A harsh Reminder to Shut Up and Listen

When I saw this headline pop up in my Twitter timeline this weekend, I thought it was just a lazy piece of clickbait: Tabletop Gaming has a White Male Terrorism Problem. But oh was I wrong.

Since July of 2015 fans of the game Malifaux have been attempting to overwhelm me with death and rape threats for no other reason than I am a woman who has opinions on the game. Wyrd Miniatures is silent on this matter and hangs up whenever anyone attempts to discuss the harassment. Given that a large number of threats identify the senders by name as Wyrd staff members, I do not find this surprising.

And…

After what feels like a lifetime, I stagger away, ripping his hand out of my jeans. The convention whirls around me like a nightmare kaleidoscope as I beg for help. Eventually, someone takes me aside.

“This is a safe convention. We have a reputation to protect. If you go to the police, we’ll say you were never here.”

I nod numbly. I think I am crying, but no tears fall. I stumble into a bathroom in the lobby coffee shop and sob until I can’t breathe. When I am calm, I call the police and report the attack.

“You sound drunk. Were you drinking? I’m not filing a report for some drunken slut.” The officer hangs up.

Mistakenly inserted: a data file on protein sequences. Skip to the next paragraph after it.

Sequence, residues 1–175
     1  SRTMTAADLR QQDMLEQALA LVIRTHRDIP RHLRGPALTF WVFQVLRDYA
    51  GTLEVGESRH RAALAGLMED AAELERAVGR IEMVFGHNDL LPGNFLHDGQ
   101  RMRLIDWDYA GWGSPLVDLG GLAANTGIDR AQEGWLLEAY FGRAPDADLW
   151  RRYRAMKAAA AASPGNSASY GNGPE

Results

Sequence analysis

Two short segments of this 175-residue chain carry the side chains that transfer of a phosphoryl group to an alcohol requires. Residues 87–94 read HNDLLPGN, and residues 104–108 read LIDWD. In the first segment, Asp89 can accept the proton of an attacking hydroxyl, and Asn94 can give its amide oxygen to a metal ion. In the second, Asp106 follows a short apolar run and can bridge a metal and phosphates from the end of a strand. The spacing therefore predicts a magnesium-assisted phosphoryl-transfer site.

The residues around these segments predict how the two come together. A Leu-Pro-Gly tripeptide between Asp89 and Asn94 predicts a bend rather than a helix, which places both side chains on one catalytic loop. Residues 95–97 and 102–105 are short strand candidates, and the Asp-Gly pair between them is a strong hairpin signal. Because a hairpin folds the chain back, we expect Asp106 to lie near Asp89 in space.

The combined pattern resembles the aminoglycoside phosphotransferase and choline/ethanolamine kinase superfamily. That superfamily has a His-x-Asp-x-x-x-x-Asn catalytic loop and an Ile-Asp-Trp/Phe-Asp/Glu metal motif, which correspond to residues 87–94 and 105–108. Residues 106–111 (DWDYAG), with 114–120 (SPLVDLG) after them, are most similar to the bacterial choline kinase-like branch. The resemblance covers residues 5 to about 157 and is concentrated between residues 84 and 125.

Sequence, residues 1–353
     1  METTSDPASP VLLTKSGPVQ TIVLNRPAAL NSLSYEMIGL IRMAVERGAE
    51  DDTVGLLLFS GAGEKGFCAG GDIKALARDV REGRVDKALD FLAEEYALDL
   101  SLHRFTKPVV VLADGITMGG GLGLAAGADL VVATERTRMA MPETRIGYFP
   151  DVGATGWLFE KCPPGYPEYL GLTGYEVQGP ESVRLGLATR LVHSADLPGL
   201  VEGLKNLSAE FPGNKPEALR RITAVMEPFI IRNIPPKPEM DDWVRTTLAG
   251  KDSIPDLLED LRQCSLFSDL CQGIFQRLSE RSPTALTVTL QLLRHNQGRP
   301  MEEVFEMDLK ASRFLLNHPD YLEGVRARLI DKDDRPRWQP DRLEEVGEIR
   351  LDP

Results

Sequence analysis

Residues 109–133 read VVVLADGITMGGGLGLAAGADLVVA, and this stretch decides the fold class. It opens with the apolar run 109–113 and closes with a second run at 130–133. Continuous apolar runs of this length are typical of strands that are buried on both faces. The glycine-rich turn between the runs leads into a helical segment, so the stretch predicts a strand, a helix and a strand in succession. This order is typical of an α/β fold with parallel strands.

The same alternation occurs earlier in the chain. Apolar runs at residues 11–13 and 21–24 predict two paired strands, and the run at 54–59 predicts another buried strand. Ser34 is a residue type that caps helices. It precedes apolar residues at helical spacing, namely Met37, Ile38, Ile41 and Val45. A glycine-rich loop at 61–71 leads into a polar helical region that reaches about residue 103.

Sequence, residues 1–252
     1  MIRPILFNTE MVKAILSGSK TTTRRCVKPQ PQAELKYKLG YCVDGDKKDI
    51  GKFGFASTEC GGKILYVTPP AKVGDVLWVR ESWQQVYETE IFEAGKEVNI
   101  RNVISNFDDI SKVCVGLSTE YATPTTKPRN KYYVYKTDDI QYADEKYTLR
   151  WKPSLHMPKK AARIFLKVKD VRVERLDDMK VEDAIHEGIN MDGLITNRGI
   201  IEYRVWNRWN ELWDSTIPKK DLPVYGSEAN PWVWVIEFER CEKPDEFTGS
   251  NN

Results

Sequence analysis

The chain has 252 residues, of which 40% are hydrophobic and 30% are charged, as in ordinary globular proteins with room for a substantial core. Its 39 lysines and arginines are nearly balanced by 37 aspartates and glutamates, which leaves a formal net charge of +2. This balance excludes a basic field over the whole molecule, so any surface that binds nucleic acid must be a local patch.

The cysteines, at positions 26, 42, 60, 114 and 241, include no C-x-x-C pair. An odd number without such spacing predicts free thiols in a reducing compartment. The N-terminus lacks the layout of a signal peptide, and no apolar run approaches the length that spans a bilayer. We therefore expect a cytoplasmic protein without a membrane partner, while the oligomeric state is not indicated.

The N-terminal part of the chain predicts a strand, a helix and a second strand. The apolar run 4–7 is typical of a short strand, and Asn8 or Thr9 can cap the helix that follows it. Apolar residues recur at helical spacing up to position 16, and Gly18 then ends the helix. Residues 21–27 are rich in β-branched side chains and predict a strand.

I have no more tears.

I’ve quoted quite a bit, but there are tons more examples in this piece, and I urge you to go read the rest. You’re not going to have fun reading it, but it’s important.

Speaking as a white male who has never really dealt with any serious discrimination or harassment in my life, I find stories like these hard to comprehend. And while I’d like to think that stuff like this doesn’t happen, I know that’s just not the case and it’s important to hear this stuff, as painful as it may be to hear.

When confronted with stories like these, I’ve learned that there is not a lot I can offer. I don’t have similar experiences to pull on, and I certainly don’t have any advice to provide. Ultimately, my job is to listen. The best I can do is try and understand the realities of the situation and do what I can to encourage good behavior by those around me. If I can be doing more, tell me.